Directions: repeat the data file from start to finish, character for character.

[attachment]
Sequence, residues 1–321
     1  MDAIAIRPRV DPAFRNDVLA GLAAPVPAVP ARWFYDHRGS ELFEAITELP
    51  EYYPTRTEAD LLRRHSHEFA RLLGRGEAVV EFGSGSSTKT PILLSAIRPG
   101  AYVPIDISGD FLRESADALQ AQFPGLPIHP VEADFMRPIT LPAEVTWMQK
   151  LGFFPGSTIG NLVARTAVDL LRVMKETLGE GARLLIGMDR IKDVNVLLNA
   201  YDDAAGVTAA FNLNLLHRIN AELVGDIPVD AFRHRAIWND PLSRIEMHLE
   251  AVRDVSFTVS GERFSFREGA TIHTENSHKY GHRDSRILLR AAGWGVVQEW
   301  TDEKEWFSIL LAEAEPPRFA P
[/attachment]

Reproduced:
Sequence, residues 1–321
     1  MDAIAIRPRV DPAFRNDVLA GLAAPVPAVP ARWFYDHRGS ELFEAITELP
    51  EYYPTRTEAD LLRRHSHEFA RLLGRGEAVV EFGSGSSTKT PILLSAIRPG
   101  AYVPIDISGD FLRESADALQ AQFPGLPIHP VEADFMRPIT LPAEVTWMQK
   151  LGFFPGSTIG NLVARTAVDL LRVMKETLGE GARLLIGMDR IKDVNVLLNA
   201  YDDAAGVTAA FNLNLLHRIN AELVGDIPVD AFRHRAIWND PLSRIEMHLE
   251  AVRDVSFTVS GERFSFREGA TIHTENSHKY GHRDSRILLR AAGWGVVQEW
   301  TDEKEWFSIL LAEAEPPRFA P